Leon L. Zachman and Estate of Ione Zachman - Page 16

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         entitlement to an income tax advantage.  See Prindle Intl.                   
         Marketing, UBO v. Commissioner, T.C. Memo. 1998-164.11                       
              Contending that they received only a share of the Hillside              
         Farm income, petitioners argue that they should be taxed only on             
         the share they actually received.12  It is axiomatic, however,               
         that taxation is concerned with “actual command over the property            
         taxed-–the actual benefit for which the tax is paid” and that the            
         transfer of formal legal title will not operate to “shift the                
         incidence of taxation attributable to ownership of property where            
         the transferor continues to retain significant control over the              
         property transferred.”  Frank Lyon Co. v. United States, 435 U.S.            
         561, 573 (1978); see Sundance Ranches, Inc. v. Commissioner, T.C.            
         Memo. 1988-535, affd. without published opinion (9th Cir. 1990).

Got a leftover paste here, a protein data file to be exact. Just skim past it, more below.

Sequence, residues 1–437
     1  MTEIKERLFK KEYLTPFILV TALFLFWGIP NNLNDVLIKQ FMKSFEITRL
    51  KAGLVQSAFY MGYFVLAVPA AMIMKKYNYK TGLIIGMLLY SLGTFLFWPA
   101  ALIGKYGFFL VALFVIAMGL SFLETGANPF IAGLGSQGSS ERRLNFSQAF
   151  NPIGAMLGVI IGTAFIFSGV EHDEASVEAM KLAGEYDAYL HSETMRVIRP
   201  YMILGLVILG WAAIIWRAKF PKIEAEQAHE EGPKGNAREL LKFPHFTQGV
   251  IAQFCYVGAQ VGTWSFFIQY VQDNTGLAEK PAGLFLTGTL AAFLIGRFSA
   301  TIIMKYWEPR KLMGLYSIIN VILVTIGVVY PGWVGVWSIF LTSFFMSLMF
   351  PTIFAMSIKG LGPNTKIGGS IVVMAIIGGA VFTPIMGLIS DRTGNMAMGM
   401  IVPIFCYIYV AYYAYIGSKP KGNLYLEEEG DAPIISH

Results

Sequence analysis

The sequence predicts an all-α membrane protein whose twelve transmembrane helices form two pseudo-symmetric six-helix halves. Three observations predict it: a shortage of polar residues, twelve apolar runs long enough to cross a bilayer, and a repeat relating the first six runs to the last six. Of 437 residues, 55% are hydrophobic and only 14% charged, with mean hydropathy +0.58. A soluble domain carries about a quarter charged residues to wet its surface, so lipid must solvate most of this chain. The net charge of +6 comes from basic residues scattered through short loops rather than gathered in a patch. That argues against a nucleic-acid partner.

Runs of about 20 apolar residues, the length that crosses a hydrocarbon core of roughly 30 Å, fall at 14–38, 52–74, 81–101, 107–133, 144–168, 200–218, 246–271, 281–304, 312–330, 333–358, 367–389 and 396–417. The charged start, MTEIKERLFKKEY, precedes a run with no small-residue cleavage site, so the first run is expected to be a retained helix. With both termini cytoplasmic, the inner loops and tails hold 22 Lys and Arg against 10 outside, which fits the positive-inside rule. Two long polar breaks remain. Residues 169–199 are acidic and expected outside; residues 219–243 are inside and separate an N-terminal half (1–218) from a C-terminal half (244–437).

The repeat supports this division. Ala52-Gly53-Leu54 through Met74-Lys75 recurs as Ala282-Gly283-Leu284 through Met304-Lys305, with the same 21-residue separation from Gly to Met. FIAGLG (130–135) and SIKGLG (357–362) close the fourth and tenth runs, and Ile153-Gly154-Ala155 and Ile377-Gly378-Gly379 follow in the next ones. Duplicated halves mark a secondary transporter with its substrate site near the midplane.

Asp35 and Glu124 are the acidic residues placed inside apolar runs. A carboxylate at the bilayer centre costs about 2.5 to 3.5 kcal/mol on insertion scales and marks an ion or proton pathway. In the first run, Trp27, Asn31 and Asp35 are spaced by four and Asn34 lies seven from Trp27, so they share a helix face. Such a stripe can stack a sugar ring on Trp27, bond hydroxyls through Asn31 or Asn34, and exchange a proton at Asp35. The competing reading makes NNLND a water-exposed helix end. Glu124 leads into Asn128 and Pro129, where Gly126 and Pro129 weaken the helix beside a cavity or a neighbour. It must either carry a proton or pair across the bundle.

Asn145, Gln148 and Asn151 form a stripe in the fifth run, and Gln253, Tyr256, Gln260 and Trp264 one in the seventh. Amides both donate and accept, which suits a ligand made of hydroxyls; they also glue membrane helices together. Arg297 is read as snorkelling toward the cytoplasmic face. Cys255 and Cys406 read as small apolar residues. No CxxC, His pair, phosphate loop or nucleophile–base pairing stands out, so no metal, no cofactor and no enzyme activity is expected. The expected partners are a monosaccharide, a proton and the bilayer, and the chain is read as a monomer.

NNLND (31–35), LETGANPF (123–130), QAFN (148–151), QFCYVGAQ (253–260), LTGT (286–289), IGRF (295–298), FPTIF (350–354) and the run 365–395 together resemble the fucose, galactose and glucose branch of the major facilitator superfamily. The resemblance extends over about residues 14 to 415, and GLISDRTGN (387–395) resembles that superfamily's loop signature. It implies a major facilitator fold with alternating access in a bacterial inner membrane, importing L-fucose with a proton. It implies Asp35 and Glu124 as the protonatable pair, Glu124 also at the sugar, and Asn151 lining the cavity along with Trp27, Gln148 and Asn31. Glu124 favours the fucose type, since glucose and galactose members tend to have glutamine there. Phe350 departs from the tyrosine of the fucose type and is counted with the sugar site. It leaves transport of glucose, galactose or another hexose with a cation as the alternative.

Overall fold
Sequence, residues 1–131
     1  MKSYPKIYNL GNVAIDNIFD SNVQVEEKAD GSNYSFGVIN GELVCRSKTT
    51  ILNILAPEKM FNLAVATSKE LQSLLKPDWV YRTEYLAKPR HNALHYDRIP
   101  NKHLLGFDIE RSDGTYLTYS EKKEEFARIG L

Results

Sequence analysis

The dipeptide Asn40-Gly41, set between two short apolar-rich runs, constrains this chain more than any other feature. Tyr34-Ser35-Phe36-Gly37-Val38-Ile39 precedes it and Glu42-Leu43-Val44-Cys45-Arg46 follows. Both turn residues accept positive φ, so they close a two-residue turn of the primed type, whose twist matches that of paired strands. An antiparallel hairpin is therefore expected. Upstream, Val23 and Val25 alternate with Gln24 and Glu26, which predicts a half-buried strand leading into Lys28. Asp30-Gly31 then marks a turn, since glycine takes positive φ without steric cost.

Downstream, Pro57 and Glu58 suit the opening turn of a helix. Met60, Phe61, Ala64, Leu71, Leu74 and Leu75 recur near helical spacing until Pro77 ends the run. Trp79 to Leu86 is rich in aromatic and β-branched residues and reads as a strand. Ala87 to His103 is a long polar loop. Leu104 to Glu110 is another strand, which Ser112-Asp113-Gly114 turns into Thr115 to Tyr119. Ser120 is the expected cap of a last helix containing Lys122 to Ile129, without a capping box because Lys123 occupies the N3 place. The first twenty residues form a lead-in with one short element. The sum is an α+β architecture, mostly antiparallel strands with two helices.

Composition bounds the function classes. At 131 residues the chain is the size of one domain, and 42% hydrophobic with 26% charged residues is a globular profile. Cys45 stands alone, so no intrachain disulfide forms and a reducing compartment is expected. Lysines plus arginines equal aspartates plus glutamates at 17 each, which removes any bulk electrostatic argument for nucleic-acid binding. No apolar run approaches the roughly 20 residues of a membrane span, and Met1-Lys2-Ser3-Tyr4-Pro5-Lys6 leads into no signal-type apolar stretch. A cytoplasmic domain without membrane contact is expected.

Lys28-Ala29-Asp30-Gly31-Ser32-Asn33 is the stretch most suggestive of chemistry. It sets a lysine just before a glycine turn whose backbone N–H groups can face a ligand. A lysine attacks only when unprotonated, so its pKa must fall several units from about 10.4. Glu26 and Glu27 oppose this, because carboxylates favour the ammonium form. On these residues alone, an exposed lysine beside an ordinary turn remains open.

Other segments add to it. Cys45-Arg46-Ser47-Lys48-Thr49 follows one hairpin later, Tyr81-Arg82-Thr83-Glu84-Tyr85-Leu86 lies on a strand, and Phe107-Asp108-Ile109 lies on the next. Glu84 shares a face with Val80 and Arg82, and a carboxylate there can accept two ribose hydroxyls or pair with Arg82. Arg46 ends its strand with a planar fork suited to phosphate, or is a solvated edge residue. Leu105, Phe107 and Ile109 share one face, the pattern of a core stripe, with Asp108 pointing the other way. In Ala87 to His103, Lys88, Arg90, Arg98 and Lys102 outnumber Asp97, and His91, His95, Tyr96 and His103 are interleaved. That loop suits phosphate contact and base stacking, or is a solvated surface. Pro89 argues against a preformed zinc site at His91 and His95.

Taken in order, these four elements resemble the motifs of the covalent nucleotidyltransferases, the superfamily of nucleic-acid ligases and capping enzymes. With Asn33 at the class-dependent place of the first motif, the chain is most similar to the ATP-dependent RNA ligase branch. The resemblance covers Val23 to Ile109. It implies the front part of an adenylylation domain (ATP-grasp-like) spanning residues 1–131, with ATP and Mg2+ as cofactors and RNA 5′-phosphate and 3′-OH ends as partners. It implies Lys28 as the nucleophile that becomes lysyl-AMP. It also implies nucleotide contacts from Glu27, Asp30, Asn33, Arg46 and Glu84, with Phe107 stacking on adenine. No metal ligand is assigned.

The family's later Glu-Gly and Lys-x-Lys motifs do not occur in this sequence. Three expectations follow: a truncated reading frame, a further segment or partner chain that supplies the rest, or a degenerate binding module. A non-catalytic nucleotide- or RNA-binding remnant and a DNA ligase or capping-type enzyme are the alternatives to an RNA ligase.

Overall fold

Petitioners clearly retained sufficient power and control over               
         the farm to be properly treated as the recipients of the income              

               11 On brief, petitioners also argue that creation of the               
          Hillside Farm allowed petitioner to qualify for Social Security             
          without reduction for personal service income.  The record is               
          devoid of evidence regarding any such purpose.  In any event,               
          that petitioners may have wished to evade earned income                     
          restrictions for Social Security purposes scarcely bolsters their           
          case for recognizing the trust for Federal income tax purposes.             
               12 The record does not establish what ultimately happened to           
          the 60 percent of Hillside Farm income allegedly distributed to             
          BBCA.  Cf. United States v. Klaphake, 64 F.3d 435 (8th Cir. 1995)           
          (in a case involving the transfer of a family farm business to a            
          Noske trust of which BBCA was a beneficiary, the taxpayers                  
          received cash back from BBCA on a regular basis).                           

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